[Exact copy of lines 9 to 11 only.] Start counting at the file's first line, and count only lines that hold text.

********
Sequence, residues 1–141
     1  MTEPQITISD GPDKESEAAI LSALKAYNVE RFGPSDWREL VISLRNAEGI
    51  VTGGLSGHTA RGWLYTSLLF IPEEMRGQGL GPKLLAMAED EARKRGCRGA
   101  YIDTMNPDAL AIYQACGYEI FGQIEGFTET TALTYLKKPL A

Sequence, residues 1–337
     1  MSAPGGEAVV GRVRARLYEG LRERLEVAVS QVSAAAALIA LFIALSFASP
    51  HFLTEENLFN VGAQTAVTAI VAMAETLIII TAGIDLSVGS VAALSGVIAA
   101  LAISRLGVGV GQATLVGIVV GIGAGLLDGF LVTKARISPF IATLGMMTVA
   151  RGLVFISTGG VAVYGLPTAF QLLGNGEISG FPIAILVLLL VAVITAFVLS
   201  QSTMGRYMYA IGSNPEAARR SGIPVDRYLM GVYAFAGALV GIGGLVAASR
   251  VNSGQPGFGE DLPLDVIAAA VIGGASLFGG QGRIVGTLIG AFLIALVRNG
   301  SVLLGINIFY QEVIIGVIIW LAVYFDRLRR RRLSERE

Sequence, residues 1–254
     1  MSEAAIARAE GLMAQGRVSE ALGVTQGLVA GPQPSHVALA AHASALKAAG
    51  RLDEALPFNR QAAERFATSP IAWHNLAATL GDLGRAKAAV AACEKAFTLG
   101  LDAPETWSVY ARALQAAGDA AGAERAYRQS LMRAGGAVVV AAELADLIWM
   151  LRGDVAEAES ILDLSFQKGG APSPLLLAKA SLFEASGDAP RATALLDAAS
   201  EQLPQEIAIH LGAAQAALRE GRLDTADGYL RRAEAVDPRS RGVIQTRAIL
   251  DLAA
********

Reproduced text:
   151  RGLVFISTGG VAVYGLPTAF QLLGNGEISG FPIAILVLLL VAVITAFVLS
   201  QSTMGRYMYA IGSNPEAARR SGIPVDRYLM GVYAFAGALV GIGGLVAASR
   251  VNSGQPGFGE DLPLDVIAAA VIGGASLFGG QGRIVGTLIG AFLIALVRNG